One of the topics that I've been interested in for a long time is creativity and where it is represented in the brain. Unfortunately, most research tends to focus on other aspects of cognition, since it's often tough to relate the study of creativity to a tangible benefit to society (or at least that's what most would have you think), but a recent article interviewed one researcher that is challenging that belief.
Charles Limb is a doctor-researcher at John Hopkins University. He is also a saxophonist, pianist, and bassist. This unique combination of talents has left him with a burning interest in the nature of creativity and spontaneity, two qualities that are inherent to any musical piece.
When he isn't performing cochlear implants, Dr. Limb has an fMRI lab that uses brain imaging to examine what exactly goes on in our brain when we conjure up musical expression from the deep recesses of our unconscious.
His most recent (and most promising) study involved placing six musicians in the fMRI machine with a specially-constructed plastic keyboard. They were asked to play a typical 12-bar blues, then were told to start improvising on their own. The fMRI recorded their brain activity while they did so, allowing the researchers to compare brain activity between playing music and improvising music.
What they found was an increase in activation of the medial prefrontal cortex - an area that is often associated with movement planning and decision making , coupled with a decrease in the lateral prefrontal cortex - an area that has been associated with inhibition and self-regulation.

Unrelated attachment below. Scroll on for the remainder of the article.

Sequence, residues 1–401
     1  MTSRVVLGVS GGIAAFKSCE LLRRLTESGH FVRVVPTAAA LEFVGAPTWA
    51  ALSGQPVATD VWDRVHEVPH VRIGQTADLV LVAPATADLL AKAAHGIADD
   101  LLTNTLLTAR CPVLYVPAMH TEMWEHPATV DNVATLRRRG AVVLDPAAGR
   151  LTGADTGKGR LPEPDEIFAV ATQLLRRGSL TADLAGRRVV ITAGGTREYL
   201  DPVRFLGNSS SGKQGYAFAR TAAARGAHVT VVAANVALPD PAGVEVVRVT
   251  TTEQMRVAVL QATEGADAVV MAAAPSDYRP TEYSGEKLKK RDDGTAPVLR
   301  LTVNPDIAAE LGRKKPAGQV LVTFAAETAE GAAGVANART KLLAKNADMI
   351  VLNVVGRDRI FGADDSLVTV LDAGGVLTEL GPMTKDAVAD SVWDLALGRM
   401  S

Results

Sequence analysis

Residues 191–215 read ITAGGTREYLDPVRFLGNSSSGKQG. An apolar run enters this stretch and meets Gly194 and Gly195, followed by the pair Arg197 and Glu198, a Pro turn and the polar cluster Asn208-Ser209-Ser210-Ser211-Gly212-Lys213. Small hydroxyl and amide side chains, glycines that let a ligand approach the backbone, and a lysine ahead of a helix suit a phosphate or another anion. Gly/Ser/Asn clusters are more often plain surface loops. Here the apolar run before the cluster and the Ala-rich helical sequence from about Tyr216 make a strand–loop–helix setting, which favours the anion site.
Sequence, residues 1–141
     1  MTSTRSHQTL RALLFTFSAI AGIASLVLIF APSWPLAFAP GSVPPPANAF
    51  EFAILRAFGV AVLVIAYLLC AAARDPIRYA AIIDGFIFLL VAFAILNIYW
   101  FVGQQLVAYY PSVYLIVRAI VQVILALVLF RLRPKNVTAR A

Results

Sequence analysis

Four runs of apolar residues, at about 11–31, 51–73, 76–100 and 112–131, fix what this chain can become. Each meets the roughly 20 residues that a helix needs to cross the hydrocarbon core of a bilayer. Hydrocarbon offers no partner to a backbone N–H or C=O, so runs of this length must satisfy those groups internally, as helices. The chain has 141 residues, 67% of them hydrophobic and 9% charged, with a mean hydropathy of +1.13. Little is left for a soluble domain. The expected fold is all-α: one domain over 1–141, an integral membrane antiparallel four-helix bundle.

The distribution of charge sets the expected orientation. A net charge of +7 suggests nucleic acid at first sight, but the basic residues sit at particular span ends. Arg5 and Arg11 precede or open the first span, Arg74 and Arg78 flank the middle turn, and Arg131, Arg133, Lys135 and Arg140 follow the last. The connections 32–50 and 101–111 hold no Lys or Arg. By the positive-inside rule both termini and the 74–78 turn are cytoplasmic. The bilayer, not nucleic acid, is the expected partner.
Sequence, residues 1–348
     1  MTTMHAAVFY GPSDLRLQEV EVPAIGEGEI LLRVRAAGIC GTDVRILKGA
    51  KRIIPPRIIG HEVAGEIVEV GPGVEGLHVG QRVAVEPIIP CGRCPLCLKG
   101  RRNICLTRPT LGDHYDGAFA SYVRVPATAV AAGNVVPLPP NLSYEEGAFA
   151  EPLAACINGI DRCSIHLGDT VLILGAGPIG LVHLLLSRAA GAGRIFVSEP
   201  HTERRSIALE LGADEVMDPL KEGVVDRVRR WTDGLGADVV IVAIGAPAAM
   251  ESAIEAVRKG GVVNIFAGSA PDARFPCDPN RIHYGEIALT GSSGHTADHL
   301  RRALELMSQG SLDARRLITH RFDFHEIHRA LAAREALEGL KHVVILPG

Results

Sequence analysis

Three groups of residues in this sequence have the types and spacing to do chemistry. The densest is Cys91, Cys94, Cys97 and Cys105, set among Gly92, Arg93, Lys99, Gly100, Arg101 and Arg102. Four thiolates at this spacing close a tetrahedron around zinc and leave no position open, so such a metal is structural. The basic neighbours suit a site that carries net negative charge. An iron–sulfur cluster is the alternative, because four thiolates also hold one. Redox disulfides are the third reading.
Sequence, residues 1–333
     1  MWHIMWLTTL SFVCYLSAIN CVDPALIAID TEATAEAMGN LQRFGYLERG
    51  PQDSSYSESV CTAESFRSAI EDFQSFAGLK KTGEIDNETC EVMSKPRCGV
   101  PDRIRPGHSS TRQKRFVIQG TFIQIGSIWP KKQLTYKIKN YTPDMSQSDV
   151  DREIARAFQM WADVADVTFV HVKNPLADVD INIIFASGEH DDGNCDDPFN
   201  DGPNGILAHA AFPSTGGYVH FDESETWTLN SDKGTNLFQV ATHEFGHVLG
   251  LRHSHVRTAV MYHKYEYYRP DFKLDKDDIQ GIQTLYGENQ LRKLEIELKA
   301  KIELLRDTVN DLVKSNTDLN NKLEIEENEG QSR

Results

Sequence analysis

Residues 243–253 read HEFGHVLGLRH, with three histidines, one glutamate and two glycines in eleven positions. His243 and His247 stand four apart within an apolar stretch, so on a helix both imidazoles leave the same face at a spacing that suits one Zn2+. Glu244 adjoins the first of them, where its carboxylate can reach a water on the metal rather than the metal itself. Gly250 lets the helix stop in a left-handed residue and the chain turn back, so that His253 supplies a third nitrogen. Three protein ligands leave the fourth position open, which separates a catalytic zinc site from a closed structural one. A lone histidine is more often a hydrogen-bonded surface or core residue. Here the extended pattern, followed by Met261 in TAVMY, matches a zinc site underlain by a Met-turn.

While such a finding is preliminary at best, it does suggest that there are some very real, very fundamental differences between creation and recall from memory. It is really difficult to determine what exactly is going on as these musical processes are carried out in the brain, but future studies with more subjects and more sophisticated recording techniques should shed light as to what exactly is going on in the brain.
Importantly, Dr. Limb emphasized that creativity is inherent to human beings, and an essential part of our society. While he is a medical scientist, required to spend half of his time helping patients, perhaps this research will serve as a stimulus to the rest of the scientific community out there. The nature of creativity is an elusive and complex phenomenon, and it will surely require an equally elegant and creative approach in order to be understood.
A new milestone has been reached in our understanding of brain anatomy and connectivity.
Researchers at IBM have recently released their latest findings in an ongoing study to map and analyze the macaque brain. The result synthesizes the findings of hundreds of studies on macaque brain anatomy, ending up with an elaborate wiring diagram of our furry little ancestor's brains.
While no-one seems to be quite sure what it all means, it is certainly an important step in how that connectivity is related to the way their (and our) brains work.